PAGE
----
The tells are evil

July 5, 2009

Well, it finally happened. The tells betrayed me. That’s right, I’ve been playing with a few regular people on and off since I’ve been living in Florida, and a couple people for almost a year now. These are casual, mostly friendly games, but you still use them to hone your skills and pratice strategy on your opponents, even if the payoffs aren’t even in the hundreds of dollars. One of those strategies is learning tells. Everyone outside of Ferguson and a few others is going to have them, so they’re there for anyone willing to take the time and put in the effort to study and learn.

And I thought I had a few pinpointed perfectly. A month or so ago, a game was going on with me, some others and Player A. Well, Player A holds a pack of chips engulfed in a close fist before his turn to bet when he has something worth betting. You see those types of tells quite a bit, they’re not that difficult to spot if you know what you’re looking for. I call them “anticipation tells.” Some people get a flared nose, some people jump the gun and bet before their turn, while others show signs of impatience and ask who has the bet various times during the round. That last one can be a dead giveaway for a power hand. Nobody with garbage is pressing the table to get on with it. Even a bluffer is playing it cool, biding his time until it’s his turn to bet. They’re focus, if they know what’s good for them, is on making sure they’re not giving off any tells – which, again if you’re paying close enough attention – is a tell in and of itself.

Anyway, the lesson I want to share is that regardless of how coy you think you’re being, you think you’ve uncovered the holy grail of tells, the human response is a tricky beast to master. It’s so random and shifty, even if you’re a pro, you can never be 100% certain what another player is thinking or feeling.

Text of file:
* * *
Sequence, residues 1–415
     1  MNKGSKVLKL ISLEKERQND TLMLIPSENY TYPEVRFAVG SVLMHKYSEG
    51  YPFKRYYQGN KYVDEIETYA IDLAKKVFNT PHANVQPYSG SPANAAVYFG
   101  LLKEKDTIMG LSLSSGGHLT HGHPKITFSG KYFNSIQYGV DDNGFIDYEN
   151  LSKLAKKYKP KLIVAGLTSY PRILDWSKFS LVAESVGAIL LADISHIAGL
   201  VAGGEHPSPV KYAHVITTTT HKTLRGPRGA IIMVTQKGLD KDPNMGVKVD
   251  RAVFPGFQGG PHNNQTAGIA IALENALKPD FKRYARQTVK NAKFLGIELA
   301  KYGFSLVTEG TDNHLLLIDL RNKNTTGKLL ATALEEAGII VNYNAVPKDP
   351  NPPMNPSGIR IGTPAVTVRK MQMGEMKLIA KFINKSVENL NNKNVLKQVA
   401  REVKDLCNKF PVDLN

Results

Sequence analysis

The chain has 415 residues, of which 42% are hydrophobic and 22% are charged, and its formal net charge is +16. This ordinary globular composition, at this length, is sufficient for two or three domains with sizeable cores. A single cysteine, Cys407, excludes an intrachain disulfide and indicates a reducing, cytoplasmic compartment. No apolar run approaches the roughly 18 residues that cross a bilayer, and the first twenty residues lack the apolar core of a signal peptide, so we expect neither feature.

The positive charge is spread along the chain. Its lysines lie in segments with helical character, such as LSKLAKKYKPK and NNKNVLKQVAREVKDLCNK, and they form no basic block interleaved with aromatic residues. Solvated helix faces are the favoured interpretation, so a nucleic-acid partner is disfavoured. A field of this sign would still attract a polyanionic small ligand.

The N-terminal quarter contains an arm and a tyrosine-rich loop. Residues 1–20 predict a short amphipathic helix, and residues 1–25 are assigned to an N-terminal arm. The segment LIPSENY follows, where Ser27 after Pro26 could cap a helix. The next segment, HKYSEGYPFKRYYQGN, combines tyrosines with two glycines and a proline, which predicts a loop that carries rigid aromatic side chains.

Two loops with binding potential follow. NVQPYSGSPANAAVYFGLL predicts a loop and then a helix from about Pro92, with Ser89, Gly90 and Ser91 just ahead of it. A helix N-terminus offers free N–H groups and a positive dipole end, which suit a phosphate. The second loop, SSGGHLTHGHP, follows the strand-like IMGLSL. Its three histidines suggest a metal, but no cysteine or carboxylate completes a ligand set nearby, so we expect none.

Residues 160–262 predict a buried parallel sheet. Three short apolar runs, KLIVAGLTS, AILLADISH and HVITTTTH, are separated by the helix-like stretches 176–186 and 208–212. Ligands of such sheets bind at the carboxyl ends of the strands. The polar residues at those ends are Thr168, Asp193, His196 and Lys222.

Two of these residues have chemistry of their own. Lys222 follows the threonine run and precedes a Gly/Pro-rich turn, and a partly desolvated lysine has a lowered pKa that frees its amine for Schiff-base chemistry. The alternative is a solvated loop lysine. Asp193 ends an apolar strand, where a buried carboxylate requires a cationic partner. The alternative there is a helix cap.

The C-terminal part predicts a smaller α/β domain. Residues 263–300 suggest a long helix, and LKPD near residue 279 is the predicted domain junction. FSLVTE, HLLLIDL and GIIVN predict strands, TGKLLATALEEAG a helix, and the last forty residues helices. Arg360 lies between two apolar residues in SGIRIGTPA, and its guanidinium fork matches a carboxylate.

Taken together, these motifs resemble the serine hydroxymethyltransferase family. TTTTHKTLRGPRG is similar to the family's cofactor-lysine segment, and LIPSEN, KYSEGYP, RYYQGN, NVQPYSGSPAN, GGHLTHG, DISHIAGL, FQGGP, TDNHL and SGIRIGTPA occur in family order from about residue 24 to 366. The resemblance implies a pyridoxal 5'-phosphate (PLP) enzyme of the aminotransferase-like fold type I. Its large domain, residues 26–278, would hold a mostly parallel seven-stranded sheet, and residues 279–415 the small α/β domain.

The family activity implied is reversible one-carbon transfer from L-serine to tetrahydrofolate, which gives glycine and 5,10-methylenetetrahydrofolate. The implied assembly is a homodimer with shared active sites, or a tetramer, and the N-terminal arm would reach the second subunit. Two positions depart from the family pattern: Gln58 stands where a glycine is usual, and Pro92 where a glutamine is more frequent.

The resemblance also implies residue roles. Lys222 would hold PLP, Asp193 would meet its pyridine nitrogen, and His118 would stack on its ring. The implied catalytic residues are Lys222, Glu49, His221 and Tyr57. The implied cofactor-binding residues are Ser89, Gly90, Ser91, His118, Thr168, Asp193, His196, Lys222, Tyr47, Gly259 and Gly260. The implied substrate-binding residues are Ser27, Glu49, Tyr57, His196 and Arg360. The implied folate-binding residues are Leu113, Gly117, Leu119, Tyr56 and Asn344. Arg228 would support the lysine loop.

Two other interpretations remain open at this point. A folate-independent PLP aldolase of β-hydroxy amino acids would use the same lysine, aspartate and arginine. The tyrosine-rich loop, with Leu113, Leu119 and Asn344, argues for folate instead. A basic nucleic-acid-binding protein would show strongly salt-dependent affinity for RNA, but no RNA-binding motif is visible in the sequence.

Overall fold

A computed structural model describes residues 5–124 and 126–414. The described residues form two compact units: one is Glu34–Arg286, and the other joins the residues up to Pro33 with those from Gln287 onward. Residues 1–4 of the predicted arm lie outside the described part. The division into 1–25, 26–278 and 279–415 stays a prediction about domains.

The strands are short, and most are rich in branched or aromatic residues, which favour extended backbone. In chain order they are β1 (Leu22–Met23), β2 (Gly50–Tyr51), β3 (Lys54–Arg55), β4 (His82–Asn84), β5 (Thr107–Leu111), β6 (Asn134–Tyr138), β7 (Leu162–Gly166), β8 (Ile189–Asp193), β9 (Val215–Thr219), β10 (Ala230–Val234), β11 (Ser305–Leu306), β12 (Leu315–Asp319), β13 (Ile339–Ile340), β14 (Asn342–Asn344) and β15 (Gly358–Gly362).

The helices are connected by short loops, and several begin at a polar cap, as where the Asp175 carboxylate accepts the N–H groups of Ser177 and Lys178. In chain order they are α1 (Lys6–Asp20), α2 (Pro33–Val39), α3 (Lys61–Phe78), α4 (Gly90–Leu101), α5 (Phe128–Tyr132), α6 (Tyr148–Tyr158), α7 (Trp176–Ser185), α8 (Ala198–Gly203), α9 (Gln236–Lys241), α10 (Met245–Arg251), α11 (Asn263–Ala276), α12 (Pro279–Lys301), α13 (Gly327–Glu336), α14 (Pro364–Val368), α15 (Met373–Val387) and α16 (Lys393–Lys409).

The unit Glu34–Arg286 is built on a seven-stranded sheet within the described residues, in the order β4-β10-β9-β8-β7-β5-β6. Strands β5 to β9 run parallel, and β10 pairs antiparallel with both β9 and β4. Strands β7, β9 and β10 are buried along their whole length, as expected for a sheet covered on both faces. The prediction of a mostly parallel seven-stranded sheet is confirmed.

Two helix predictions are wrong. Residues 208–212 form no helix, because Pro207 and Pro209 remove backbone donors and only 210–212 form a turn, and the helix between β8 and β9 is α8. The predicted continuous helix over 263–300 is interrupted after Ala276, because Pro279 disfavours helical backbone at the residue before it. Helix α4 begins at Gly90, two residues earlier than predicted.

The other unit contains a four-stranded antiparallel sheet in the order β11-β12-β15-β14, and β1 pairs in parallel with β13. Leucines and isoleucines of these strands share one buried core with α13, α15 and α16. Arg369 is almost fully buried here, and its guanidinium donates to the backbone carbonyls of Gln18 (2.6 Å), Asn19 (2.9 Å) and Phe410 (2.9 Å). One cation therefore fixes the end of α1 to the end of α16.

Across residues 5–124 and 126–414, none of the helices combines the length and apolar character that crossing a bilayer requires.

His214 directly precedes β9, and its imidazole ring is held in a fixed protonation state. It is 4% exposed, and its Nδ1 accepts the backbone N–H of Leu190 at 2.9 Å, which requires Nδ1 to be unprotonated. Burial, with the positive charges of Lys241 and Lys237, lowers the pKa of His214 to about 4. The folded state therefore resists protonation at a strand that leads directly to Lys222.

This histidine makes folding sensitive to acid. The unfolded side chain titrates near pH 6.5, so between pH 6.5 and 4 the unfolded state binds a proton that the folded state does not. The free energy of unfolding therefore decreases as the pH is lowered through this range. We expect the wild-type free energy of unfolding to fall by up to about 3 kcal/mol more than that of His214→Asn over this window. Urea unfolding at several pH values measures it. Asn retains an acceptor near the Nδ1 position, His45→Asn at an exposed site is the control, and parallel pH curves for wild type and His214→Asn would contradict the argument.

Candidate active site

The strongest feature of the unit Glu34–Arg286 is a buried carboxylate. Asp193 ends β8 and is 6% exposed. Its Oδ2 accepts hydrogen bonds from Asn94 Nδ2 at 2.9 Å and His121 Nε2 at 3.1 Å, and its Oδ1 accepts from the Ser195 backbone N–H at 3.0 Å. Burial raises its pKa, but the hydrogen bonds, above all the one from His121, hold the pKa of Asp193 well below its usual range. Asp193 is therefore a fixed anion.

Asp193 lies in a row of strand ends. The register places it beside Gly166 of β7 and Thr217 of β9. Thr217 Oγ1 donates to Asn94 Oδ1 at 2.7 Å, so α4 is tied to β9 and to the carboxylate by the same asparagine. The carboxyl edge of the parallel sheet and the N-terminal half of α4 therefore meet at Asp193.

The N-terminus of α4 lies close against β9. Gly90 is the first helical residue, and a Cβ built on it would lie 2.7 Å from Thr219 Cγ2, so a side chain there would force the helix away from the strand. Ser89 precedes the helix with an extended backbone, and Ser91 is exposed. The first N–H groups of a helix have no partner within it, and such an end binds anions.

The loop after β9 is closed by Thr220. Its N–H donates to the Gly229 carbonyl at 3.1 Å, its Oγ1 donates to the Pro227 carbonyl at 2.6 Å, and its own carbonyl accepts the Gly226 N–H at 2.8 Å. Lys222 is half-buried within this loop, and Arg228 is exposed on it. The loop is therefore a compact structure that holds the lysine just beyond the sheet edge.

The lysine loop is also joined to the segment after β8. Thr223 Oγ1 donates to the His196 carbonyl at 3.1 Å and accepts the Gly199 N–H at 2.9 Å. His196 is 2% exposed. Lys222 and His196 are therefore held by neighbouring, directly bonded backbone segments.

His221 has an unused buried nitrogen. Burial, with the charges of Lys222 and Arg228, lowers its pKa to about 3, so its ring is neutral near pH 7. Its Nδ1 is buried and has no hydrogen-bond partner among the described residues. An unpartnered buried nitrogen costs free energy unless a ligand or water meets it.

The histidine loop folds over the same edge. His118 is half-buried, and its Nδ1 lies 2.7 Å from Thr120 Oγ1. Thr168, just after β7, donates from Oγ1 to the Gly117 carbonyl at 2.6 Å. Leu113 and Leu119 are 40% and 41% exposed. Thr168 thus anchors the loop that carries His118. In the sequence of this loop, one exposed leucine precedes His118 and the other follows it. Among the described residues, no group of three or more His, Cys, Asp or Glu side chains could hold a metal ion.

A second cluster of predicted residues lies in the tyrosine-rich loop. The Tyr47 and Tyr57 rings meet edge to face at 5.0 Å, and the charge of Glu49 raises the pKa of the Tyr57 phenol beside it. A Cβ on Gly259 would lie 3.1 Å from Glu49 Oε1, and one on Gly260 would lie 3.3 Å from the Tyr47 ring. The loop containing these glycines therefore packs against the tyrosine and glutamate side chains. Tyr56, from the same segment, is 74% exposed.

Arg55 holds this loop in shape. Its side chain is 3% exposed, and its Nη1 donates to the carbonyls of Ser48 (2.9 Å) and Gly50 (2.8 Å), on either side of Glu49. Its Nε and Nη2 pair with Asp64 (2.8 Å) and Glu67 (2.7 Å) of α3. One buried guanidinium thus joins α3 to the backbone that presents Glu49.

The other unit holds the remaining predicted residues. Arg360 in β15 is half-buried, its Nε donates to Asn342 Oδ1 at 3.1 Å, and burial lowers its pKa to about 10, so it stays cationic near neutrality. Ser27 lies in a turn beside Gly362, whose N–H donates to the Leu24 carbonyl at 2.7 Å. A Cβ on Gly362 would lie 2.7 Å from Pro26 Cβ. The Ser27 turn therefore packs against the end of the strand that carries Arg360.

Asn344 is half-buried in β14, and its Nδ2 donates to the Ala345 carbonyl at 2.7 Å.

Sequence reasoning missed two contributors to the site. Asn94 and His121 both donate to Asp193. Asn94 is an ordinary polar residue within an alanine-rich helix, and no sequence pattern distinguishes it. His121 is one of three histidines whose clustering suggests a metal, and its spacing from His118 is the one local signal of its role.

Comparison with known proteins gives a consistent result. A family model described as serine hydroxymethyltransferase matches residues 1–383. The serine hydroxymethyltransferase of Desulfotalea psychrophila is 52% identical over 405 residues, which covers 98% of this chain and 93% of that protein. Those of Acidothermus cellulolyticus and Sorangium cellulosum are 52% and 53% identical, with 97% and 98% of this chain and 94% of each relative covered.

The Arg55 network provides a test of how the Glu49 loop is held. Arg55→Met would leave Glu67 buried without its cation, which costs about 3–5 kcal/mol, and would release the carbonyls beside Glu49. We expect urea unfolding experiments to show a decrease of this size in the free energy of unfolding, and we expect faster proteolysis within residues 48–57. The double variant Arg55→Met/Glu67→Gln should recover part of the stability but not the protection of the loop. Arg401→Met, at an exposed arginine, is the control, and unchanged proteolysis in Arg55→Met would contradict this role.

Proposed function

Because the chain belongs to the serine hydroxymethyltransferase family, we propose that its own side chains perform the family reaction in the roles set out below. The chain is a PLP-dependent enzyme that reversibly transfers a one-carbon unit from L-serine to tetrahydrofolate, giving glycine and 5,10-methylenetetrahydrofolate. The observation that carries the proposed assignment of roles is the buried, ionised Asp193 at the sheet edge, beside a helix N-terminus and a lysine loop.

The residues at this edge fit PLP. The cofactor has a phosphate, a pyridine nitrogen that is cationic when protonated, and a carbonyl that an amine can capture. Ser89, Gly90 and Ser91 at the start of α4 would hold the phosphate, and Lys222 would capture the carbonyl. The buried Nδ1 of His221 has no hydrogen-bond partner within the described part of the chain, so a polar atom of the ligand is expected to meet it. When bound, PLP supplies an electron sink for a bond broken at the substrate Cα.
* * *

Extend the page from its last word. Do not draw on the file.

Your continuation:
My assumption to the contrary cost me a bunch. I had a moderate two-pair but folded to Player A’s bet, about three times the blind. Player B called, so I was afforded the opportunity to see the hands at the end of the round. Player A had a mid-pair hidden that never received any help from the community, and lost to Player B’s pair of Queens. So the gripped chips didn’t necessarily mean Player A had a spectacular hand…a mid pair certainly doesn’t qualify there. Perhaps it meant he thought he had a great hand. And if that’s the case, there’s a silver lining to the lesson after all. I should end up across the table all the time from players who bet strong on a mid-pair pre-flop. Those opportunities you have to seize before they get wise to their error, because no matter how dumb a player may be, you’d think he’d catch on to that after a while. Even a rhino stops attacking an electric fence in the same spot if he gets electrocuted enough times.

So the tells beat me. Turns out I’m not Matt Damon spotting Teddy KGB’s Oreo tell in underground New York City poker games. (That was cool, though, right?). I won’t abandon my quest to learn others tells and use them in my decision-making process during a hand, but I won’t rely solely on them ever again, either. A gut instinct is a wonderful thing to have, but it must be used in combination with your brain, and even then only after making the correct calculations.

On another but related note, I think I’m slipping with some of my guarding of tells in my own right. Sometimes when you get so wrapped up in improving one strategy, you let something else relax and it hurts your overall game. Another lesson learned, I can’t be too obsessed with watering the trees while the rest of the forest dries up and dies.

Noted. All of it. A good player in any game who wants to learn and improve doesn’t take these as failures, just learning opportunities. You always want to say you’ll make a better call next time.